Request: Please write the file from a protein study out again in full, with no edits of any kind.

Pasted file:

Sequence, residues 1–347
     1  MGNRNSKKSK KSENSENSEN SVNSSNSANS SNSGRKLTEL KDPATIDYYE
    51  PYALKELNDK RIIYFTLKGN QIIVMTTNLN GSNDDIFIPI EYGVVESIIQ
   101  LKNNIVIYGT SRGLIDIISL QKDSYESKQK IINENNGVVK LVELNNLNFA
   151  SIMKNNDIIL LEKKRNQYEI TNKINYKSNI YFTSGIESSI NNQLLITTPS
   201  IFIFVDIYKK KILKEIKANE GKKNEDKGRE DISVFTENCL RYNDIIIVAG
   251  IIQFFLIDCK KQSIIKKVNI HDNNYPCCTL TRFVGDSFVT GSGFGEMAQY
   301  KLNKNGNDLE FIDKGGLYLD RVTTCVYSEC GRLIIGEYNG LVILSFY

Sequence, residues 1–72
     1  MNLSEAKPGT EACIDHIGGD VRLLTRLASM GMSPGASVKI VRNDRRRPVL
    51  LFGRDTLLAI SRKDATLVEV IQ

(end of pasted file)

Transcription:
Sequence, residues 1–347
     1  MGNRNSKKSK KSENSENSEN SVNSSNSANS SNSGRKLTEL KDPATIDYYE
    51  PYALKELNDK RIIYFTLKGN QIIVMTTNLN GSNDDIFIPI EYGVVESIIQ
   101  LKNNIVIYGT SRGLIDIISL QKDSYESKQK IINENNGVVK LVELNNLNFA
   151  SIMKNNDIIL LEKKRNQYEI TNKINYKSNI YFTSGIESSI NNQLLITTPS
   201  IFIFVDIYKK KILKEIKANE GKKNEDKGRE DISVFTENCL RYNDIIIVAG
   251  IIQFFLIDCK KQSIIKKVNI HDNNYPCCTL TRFVGDSFVT GSGFGEMAQY
   301  KLNKNGNDLE FIDKGGLYLD RVTTCVYSEC GRLIIGEYNG LVILSFY

Sequence, residues 1–72
     1  MNLSEAKPGT EACIDHIGGD VRLLTRLASM GMSPGASVKI VRNDRRRPVL
    51  LFGRDTLLAI SRKDATLVEV IQ